With its spotlight on elephants, Gruen's romantic page-turner hinges on the human-animal bonds that drove her debut and its sequel (Riding Lessons and Flying Changes)—but without the mass appeal that horses hold. The novel, told in flashback by nonagenarian Jacob Jankowski, recounts the wild and wonderful period he spent with the Benzini Brothers Most Spectacular Show on Earth, a traveling circus he joined during the Great Depression. When 23-year-old Jankowski learns that his parents have been killed in a car crash, leaving him penniless, he drops out of Cornell veterinary school and parlays his expertise with animals into a job with the circus, where he cares for a menagerie of exotic creatures[...] He also falls in love with Marlena, one of the show's star performers—a romance complicated by Marlena's husband, the unbalanced, sadistic circus boss who beats both his wife and the animals Jankowski cares for. Despite her often clichéd prose and the predictability of the story's ending, Gruen skillfully humanizes the midgets, drunks, rubes and freaks who populate her book.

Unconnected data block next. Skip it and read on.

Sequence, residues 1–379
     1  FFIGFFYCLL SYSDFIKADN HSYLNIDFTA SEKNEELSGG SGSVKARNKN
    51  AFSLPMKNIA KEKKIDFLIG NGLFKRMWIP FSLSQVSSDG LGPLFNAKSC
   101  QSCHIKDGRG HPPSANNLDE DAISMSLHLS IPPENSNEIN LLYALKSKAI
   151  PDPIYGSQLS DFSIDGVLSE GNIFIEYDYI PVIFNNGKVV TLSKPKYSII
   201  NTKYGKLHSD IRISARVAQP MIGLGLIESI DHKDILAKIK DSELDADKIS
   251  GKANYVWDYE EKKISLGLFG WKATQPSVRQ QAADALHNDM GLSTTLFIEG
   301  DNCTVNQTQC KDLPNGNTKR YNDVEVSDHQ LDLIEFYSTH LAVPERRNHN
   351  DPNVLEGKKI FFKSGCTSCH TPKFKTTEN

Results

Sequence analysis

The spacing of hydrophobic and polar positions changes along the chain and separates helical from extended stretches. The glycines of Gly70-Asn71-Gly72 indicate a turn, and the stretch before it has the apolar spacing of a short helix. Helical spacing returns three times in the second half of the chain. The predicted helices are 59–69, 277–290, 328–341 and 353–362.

A well written book about an offbeat seqment of society, set in a bygone era. Good characters and an engaging story.

The Edge of Physics: A Journey to Earth's Extremes to Unlock the Secrets of the Universe by Anil Ananthaswamy
Quote:From Publishers Weekly